The term Steganography is the technique of sending data in a concealed format so the very fact of sending the data is disguised. In the context of computer science, it refers to hiding data within a message or file. The word steganography is a combination of the Greek words steganos (meaning hidden or covered or concealed) and root graph (meaning to write, thus translating to ‘covered writing’, or ‘hidden writing’). The first recorded use of the term was in 1499 by Johannes Trithemius. However, traces of steganography already existed in ancient Greece. One example was having a secret message tattooed on a soldier’s shaved scalp. When hair grew back, he was dispatched on his mission. The receiver shaved the messenger’s scalp again and read the message. One other simplest example of this 21st century is the "Invisible ink". A person can write a message with clear or invisible ink that can only be seen when another ink or liquid is applied to the paper.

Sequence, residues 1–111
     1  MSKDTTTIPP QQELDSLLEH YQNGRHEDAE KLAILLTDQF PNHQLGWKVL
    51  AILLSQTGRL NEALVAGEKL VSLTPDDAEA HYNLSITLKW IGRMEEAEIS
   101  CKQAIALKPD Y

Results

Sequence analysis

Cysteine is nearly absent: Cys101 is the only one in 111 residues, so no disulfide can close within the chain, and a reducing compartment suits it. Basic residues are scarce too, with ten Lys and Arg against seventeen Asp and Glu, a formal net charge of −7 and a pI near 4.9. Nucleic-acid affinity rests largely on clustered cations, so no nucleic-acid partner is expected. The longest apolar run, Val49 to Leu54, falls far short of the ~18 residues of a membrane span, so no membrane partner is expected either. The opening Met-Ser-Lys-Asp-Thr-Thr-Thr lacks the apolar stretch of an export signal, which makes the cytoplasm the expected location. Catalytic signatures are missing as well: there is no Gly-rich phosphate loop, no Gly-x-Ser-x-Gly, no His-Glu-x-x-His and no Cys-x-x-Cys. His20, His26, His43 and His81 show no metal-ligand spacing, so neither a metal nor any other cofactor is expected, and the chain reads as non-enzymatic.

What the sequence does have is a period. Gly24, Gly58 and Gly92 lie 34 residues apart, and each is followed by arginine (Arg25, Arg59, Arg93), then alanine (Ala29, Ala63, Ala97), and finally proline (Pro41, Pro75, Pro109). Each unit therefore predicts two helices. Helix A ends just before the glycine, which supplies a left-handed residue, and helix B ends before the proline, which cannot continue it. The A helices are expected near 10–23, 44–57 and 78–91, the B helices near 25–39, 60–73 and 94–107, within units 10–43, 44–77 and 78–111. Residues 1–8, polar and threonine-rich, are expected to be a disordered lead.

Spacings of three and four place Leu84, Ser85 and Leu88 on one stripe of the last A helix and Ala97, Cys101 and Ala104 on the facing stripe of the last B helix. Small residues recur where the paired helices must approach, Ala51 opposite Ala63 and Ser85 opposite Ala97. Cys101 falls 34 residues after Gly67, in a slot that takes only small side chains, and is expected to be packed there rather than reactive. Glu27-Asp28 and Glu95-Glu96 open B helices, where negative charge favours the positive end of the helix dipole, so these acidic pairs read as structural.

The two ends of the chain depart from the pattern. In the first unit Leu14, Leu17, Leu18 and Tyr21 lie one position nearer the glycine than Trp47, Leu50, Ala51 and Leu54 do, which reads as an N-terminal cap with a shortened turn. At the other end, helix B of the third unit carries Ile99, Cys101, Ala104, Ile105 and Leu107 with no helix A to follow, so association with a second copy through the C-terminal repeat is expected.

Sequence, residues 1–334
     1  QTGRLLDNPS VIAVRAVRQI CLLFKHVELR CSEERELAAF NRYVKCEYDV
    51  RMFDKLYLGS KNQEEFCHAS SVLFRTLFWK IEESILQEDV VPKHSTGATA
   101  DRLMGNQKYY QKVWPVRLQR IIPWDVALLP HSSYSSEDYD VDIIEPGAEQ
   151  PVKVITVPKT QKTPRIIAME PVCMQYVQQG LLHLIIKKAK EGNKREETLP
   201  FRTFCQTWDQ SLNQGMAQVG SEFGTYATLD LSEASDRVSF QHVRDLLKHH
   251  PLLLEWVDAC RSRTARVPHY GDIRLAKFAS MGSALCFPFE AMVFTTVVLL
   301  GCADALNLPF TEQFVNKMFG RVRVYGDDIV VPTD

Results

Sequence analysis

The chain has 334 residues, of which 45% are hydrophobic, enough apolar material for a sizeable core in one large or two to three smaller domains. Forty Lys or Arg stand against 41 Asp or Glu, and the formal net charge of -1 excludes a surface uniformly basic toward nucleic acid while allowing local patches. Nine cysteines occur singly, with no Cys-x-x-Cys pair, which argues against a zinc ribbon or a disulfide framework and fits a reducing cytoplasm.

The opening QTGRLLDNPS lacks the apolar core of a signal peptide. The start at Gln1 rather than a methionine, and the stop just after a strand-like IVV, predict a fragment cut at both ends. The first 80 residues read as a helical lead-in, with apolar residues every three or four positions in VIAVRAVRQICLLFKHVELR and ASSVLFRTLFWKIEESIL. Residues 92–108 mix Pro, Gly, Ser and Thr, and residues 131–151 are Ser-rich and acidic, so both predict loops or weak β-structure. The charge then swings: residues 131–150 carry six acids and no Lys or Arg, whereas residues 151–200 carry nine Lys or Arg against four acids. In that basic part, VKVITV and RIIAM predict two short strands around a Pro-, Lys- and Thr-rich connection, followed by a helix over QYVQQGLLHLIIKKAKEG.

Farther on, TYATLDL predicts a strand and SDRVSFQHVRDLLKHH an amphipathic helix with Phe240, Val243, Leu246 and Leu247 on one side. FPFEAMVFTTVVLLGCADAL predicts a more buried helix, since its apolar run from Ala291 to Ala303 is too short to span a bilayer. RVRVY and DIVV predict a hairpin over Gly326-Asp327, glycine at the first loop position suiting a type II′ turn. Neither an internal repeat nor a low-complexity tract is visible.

In digital steganography, there are many ways to conceal information, including embedding sensitive information into file types, one of the most common techniques is to embed a text file into an image file. When this is done, anyone viewing the image file should not be able to see a difference between the original image file and the encrypted file; this is accomplished by storing the message with less significant bytes in the data file. This process can be completed manually or with the use of a steganography tool.